The simplest things are the most profound. With every potential project, we start by considering place. What is the neighborhood like? Is there an opportunity to create a great place? How can we add to the community and knit ourselves into the fabric of the neighborhood? What are the growth trends? What does this community need? Can we create something greater than just a building? Only when the right variables are in place do we begin to think about creating a socially, economically and environmentally sustainable building.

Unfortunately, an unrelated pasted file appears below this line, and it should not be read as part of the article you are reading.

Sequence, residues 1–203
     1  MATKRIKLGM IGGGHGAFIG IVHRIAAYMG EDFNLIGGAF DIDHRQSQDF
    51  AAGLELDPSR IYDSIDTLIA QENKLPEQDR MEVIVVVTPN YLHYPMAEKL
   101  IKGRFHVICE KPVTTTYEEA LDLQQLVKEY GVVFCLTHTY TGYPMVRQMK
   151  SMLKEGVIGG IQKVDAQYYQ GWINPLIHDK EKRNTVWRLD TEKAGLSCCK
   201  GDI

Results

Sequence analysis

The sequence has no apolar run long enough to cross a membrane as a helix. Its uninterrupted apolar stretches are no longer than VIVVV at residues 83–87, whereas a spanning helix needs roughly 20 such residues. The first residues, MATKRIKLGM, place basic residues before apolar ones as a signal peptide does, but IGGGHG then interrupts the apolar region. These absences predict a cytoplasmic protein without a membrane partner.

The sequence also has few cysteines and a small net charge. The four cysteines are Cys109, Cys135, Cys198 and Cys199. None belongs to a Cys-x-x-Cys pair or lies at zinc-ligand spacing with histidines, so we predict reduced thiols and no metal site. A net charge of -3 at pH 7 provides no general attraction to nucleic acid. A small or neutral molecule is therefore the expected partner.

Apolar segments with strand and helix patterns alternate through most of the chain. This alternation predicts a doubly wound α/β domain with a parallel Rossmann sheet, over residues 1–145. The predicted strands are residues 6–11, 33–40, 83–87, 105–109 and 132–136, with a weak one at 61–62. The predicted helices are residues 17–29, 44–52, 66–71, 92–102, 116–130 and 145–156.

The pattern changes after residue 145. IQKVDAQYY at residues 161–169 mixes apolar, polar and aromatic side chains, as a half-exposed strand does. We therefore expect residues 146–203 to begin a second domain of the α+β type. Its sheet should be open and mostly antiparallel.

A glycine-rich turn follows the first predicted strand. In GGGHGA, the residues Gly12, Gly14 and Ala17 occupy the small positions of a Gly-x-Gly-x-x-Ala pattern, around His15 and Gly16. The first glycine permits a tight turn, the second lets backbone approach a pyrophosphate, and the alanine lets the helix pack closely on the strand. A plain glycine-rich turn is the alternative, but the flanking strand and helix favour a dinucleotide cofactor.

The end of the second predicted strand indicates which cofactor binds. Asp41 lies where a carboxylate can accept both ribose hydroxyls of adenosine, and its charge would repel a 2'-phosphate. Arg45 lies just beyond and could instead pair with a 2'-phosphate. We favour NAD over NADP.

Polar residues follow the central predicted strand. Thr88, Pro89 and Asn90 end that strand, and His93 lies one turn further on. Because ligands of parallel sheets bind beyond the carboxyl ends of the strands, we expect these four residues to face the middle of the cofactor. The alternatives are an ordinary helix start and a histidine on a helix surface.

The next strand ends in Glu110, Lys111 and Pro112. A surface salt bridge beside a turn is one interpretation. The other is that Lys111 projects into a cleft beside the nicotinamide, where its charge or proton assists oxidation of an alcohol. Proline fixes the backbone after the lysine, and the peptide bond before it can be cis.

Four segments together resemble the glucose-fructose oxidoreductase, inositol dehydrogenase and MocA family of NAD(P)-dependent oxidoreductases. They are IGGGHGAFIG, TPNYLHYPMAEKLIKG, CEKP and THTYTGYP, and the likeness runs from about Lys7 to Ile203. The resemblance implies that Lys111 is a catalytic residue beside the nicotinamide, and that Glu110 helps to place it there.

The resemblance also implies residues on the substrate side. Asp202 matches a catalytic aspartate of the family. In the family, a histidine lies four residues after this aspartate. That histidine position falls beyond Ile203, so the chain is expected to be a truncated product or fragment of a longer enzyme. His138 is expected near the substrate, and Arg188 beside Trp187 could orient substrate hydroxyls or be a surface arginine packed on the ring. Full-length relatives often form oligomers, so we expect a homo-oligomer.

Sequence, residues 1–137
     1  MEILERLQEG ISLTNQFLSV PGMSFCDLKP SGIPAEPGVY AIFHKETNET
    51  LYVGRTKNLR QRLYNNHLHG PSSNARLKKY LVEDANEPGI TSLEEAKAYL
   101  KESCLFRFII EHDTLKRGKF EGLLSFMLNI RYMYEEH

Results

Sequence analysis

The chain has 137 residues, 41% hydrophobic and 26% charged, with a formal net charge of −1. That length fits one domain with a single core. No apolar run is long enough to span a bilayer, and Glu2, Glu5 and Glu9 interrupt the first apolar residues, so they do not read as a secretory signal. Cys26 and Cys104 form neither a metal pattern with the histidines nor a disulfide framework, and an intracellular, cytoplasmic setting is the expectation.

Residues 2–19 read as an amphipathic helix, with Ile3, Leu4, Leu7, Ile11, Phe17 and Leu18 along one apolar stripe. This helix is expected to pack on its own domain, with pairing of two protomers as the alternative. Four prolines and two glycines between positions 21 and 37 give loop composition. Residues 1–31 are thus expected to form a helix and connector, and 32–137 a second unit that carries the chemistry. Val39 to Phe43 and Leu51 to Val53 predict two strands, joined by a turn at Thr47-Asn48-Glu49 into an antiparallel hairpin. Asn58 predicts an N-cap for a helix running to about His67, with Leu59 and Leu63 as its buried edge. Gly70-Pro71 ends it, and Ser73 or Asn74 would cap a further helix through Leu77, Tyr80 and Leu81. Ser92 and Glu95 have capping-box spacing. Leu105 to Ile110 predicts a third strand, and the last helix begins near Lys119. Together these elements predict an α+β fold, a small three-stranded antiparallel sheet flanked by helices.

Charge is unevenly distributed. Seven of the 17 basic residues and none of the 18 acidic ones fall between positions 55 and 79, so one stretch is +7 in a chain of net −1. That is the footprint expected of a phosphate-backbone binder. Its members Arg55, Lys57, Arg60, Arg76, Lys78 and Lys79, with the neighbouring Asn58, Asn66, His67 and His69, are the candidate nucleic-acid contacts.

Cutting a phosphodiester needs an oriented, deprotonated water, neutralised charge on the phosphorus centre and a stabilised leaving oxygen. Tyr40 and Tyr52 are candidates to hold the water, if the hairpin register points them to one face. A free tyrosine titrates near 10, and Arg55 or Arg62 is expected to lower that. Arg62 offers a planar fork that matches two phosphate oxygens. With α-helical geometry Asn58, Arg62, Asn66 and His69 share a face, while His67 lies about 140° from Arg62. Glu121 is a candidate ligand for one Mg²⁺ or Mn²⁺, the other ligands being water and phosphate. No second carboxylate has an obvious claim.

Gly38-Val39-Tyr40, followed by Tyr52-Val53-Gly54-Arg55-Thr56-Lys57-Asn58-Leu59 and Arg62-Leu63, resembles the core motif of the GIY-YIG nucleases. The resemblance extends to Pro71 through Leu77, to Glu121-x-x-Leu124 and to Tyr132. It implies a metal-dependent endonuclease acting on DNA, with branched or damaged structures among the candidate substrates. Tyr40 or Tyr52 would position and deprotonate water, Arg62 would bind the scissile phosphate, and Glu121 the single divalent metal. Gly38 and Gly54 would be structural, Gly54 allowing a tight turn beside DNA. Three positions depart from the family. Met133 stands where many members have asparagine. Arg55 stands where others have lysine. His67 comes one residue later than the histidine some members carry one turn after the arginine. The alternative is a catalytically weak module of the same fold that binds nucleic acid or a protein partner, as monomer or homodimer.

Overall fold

When we invest or develop in cities like Portland, Chicago or Boston, we spend a great deal of time learning about peoples’ needs and the neighborhoods in which we work. We study modes of transportation, demographics and municipal objectives, and immerse ourselves in the physical, social and economic aspects of the community. We evaluate how we can serve people who will live and work in our buildings as well as the community at large. Only after we have explored these issues do we begin to discuss uses, building concepts, massing, forms and shapes. An understanding of how all of these elements work together is essential to creating an environment where people can thrive.